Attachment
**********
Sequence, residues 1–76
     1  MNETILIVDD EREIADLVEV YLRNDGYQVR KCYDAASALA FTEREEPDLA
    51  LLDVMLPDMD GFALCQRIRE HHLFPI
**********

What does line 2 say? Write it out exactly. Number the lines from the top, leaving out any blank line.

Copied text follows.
     1  MNETILIVDD EREIADLVEV YLRNDGYQVR KCYDAASALA FTEREEPDLA